Traveling in a foreign country, you will face some detailed problems, for example the money matters. When traveling in China, you may need to know the following five aspects about money in China, which will help you a lot.
Chinese currency is called Renminbi (people's money), often abbreviated as RMB. It is issued by The Bank of China and is the sole legal tender within the People's Republic of China.
The unit of Renminbi is a yuan and with smaller denominations called jiao and fen. The conversion among the three is:
1 yuan = 10 jiao =100 fen
RMB is issued both in notes and coins. The denominations of paper notes include 100, 50, 20, 10, 5, 2 and 1 yuan; 5, 2 and 1 jiao; and 5, 2 and 1 fen. The denominations of coins are 1 yuan; 5, 2 and 1 jiao; and 5, 2 and 1 fen.
Traveller's cheques provide a fairly secure way of carrying your money. Always remember to keep the record of cheque numbers separate from the cheques for reference in the event of loss.
For the convenience of tourists, the Bank of China can cash travelers' cheques sold by international commercial banks and travelers' cheque companies in the United States, Canada, Australia, Hong Kong, Japan, Britain, France, and Switzerland, Germany as well as many other countries. Also the Bank of China sells travelers' cheques for other banking institutions such as American Express, Citibank, Tongjilong Travelers' Cheque Co., the Sumitomo Bank of Japan, the Swiss Banking Corporation, to name a few.
Money exchange facilities for both currency and travelers' cheques are available at major airports, hotels, and department stores in China. Please note that hotels may only exchange money for their guests.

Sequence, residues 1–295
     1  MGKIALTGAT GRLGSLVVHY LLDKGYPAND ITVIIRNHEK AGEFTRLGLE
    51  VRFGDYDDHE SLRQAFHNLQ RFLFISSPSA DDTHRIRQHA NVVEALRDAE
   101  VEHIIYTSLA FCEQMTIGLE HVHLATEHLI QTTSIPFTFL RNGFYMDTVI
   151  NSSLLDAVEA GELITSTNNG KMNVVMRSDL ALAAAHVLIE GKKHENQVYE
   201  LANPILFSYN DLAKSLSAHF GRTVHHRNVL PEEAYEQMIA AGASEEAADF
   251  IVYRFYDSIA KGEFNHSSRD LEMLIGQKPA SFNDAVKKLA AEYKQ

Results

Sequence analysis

The US dollar, British pound, French franc, German mark, Japanese yen, Australian dollar, Austrian schilling, Belgian franc, Canadian dollar, HK dollar, Swiss franc, Danish Krone, Singapore dollar, Malaysian ringgit, Italian lira, Macao dollar, Finnish markka, and Taiwan dollar are all exchangeable. Exchange rates fluctuate in line with international financial market condition and are published daily by the State Exchange Control Administration.
Keep your currency exchange receipts because you will need to show them when you change RMB back to your own currency at the end of visit to the Republic. Cash rather than credit cards is essential in remote areas and you should ensure that you carry sufficient RMB and travelers' cheques to cover your requirements.
Credit Card and ATMs
At present, the following credit cards are accepted in China: Master Card, Federal Card, Visa, American Express, JCB, and Diners Card. Cardholders can withdraw cash from the Bank of China and pay for purchases at exchange centers of the Bank of China, appointed shops, hotels, and restaurants.
However, this applies only in major cities and they are not always accepted in remote areas. Credit cards are not always accepted for the purchase of rail and air tickets.
ATMs that accept foreign cards are few and far between. Do not rely on them as a way of obtaining cash in Mainland China.
Consult with your bank before departing to make sure that your brand of cheque or credit card will be accepted.
There is no limit on the amount of foreign currency and foreign exchange bills that can be brought into China by tourists, but it must be declared to the customs.
RMB should be converted back into foreign currency with the personal valid "foreign exchange certificate" before leaving China. Unused foreign exchange and RMB traveler's cheques can be taken out of the country. Each tourist is permitted to take with them less than 6000 RMB.